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The Great Wealth Transfer 

When we talk about wealth these days it seems to be fleeting. Escaping the middle class. Some call it a wealth gap.  While younger generations – Millennials and Gen Z – are struggling to find their financial footing, Baby Boomers are the wealthiest generation on the planet. Not to be morbid, but what is going to happen to all that scrill when they die?  Thinking back to last week, maybe these are the folks out there spending like there’s no tomorrow and keeping inflation high.  They may not have coined the phrase YOLO (you only live once) but that does not mean they aren’t living by it.   


I don’t know if we can truly blame the Boomers for inflation. I do know when we say they are loaded, it’s not a small amount we are talking about. It’s half of our country’s household wealth. You don’t live forever; all generations can agree on that. As this generation passes, they are expected to leave a lot of money to their millennial children. Estimates suggest a transfer of $68 trillion. 


Things are looking up for Millennials! 


It’s been a wild ride for these guys, quite different from the periods of tremendous economic growth and extended periods of prosperity their parents experienced.  Millennials have lived through the Great Recession, the pandemic and the current inflation/affordability crisis while having stagnant wages. But, as they say goodbye to their parents – their net worth is expected to not triple, not quadruple but quintuple by 2030.  


Which will help them pay off student loans, buy homes and invest in real estate, maybe even afford healthcare. Start businesses. Vacation (even more). And when they do all those things, it creates major waves in the economy. The ripples of those waves impact so many sectors from furniture stores to hotels. Boomers and Millennials spend money in different ways so markets would change. 


Plus, if it is a transfer from the wealthiest of boomers to the somewhat already well-off Millennials, will this movement of money only serve to exacerbate the wealth gap? 

What about the Zoomers? 


The boomers will be known as the loaded generation, they enjoyed the prosperity that followed war. Millennials are likely to be defined by either the financial crisis of 2007-2009 or how they came out of the pandemic (it’s a tossup on which period was funner for us.)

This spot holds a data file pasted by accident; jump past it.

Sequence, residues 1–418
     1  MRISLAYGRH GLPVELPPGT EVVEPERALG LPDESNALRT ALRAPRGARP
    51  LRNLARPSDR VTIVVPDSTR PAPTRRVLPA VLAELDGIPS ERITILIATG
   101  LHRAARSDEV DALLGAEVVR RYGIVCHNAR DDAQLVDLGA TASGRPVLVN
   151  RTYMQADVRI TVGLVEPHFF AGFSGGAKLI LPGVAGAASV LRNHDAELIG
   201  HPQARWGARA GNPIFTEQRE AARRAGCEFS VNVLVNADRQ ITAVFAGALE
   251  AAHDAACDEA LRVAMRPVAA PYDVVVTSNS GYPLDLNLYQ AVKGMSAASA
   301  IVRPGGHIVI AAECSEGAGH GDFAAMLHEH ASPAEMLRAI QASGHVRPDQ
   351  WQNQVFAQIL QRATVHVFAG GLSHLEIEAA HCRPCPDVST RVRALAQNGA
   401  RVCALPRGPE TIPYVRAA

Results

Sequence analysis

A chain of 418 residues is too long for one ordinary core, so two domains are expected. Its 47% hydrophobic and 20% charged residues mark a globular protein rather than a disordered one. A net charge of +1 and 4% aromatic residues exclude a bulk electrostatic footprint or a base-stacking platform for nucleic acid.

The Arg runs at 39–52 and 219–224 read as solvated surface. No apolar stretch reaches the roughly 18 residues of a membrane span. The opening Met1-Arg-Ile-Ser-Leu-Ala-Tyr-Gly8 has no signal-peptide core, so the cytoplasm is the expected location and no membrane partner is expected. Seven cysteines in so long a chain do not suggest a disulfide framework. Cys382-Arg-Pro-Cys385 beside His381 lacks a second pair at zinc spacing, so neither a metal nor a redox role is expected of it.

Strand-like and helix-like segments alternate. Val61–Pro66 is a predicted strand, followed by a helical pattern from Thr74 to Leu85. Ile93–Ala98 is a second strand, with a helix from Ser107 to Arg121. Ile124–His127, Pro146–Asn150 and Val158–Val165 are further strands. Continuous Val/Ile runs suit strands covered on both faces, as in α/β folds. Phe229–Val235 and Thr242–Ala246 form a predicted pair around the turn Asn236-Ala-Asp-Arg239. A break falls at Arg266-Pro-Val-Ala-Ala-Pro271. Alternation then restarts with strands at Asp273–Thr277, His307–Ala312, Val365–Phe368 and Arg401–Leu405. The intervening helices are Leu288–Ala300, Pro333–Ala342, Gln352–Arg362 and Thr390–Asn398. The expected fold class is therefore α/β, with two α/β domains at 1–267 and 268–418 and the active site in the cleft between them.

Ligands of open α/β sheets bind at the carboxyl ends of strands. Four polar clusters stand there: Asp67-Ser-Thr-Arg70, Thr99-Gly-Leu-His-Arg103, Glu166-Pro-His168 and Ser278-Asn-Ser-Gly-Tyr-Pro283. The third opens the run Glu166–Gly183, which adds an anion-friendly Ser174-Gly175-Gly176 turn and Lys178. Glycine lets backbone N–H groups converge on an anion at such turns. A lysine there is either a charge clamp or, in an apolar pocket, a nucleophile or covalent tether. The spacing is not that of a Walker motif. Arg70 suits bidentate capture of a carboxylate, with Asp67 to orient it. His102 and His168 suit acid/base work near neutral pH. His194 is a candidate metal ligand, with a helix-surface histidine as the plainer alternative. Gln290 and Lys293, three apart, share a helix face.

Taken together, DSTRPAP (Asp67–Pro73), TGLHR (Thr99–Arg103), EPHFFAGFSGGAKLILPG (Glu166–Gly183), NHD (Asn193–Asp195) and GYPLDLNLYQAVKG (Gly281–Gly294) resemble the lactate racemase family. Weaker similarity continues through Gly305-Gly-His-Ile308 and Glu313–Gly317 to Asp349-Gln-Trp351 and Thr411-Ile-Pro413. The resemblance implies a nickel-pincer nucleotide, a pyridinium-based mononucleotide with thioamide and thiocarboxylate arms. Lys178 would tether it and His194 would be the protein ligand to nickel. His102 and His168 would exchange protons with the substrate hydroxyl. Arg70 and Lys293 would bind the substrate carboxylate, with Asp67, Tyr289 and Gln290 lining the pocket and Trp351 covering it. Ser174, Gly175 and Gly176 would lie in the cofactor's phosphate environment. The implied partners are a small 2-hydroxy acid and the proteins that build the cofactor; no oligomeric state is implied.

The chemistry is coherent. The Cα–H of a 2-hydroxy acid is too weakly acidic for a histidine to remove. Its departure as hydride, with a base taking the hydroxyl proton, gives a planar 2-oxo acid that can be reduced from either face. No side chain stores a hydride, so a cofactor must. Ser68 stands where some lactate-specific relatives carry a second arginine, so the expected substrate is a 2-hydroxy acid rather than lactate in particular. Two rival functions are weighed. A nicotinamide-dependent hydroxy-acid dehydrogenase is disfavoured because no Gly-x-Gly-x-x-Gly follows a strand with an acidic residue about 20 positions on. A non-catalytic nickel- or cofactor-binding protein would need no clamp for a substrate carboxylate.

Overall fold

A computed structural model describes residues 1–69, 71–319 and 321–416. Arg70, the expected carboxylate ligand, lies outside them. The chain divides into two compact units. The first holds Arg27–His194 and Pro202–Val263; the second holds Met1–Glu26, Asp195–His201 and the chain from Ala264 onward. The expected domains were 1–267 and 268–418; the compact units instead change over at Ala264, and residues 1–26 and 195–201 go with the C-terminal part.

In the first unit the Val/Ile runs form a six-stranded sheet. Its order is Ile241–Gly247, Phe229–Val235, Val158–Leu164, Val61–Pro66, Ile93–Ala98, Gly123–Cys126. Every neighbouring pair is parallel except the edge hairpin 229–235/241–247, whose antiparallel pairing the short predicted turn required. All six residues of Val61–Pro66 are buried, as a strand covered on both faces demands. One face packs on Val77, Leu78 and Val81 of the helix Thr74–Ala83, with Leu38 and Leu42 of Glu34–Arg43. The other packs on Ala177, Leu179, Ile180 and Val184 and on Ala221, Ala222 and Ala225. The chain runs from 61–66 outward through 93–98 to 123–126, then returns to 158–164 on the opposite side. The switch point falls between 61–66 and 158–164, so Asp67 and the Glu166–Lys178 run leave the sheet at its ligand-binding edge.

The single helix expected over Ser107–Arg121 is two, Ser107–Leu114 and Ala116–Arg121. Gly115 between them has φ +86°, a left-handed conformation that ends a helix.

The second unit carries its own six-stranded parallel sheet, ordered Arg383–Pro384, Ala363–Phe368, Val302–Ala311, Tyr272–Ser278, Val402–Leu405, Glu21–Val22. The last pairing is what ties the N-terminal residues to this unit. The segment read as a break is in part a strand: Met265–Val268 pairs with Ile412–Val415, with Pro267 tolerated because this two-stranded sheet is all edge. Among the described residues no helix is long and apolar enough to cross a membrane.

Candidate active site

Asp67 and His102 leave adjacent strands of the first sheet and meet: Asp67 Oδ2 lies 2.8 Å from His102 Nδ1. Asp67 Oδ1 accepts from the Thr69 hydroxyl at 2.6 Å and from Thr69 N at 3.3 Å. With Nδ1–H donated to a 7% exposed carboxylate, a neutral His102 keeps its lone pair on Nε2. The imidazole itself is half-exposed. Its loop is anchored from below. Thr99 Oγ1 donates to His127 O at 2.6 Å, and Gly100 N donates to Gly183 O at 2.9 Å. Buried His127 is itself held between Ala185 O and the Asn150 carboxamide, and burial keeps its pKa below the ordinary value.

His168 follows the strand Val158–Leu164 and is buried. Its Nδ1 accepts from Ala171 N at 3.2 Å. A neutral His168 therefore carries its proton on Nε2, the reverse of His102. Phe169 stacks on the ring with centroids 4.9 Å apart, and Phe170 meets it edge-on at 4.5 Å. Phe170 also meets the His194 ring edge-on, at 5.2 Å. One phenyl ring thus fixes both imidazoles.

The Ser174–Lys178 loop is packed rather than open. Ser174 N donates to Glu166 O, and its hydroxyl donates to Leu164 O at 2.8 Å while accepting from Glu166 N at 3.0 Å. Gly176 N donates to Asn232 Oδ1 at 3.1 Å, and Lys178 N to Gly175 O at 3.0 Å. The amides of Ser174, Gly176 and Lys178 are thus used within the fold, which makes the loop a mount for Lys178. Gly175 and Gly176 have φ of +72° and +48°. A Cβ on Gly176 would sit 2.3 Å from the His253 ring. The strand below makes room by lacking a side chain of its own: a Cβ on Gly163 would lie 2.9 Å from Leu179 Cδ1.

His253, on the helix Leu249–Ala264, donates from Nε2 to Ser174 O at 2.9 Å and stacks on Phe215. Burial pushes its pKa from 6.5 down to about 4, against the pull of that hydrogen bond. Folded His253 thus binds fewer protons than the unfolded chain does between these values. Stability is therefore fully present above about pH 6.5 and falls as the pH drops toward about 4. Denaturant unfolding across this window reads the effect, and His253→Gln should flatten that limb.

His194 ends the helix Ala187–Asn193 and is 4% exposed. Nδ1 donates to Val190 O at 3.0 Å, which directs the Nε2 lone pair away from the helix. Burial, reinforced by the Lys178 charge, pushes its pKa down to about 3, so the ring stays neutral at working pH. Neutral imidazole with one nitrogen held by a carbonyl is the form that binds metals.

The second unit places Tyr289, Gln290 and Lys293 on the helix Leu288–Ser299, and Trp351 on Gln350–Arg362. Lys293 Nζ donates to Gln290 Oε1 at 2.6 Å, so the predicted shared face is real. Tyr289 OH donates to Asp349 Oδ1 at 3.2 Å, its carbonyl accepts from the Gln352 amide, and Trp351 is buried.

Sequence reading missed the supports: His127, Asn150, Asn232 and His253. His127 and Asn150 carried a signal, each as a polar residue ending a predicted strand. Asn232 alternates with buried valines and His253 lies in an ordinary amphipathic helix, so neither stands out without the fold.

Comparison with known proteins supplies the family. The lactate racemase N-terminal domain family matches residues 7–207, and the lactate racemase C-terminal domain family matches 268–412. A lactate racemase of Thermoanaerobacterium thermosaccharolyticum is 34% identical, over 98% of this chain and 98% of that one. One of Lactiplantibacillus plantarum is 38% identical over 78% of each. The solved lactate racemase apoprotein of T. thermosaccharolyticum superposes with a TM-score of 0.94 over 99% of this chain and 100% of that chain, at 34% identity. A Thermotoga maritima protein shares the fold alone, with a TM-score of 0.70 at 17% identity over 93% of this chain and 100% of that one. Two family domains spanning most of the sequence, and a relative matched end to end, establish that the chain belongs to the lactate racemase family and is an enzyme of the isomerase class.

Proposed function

Then there is the next generation. We’ve worried about this group. Zoomers are Gen Z and there are about 2 billion of them born between 1997 and 2012.)  The concern has been not just about their work ethic, but their mental health. Their formative years were spent on social media. Plus, the pressure is on. Think about the rapid progress of technology during Millennial’s lives. How could Gen Z top that?  


Well the research shows they are advancing their careers faster, they are quicker to ask for raises or find better opportunities. 


Today’s point… 


While everyone is focused on inflation and the affordability crisis, we also know there is a lot of money that is moving around. Even before the boomers meet their expiration, many are deciding they want to watch their children and grandchildren enjoy the money. So as these gifts and inheritances materialize, demand for all goods is likely to increase – especially when it comes to real estate.   Will it be a specific type of real estate? Maybe starter homes in walkable neighborhoods or properties like condos that are low maintenance and allow for flexible lifestyles.  


Eventually the money will filter down to the Zoomers. Will they even prioritize homeownership? Or will they take their nest eggs and invest in other sectors?  

For those of us considering our investment strategies, it’s worth considering what the next 10 to 20 years will look like based on spending habits. For those of us considering our careers, it is imperative to be forward thinking about how our consumer will evolve.  And how we should, in preparation rather than response.  


For those of you looking to time your first home purchase or dream home move up, your first rental property or vacation home – return on investment is something to keep in the back of your mind. Real estate is a long game, it’s a personal game, it’s a financial game (real life monopoly) and sometimes zooming out is more helpful than getting hyper focused on whatever today’s challenge is. That was my goal today. 

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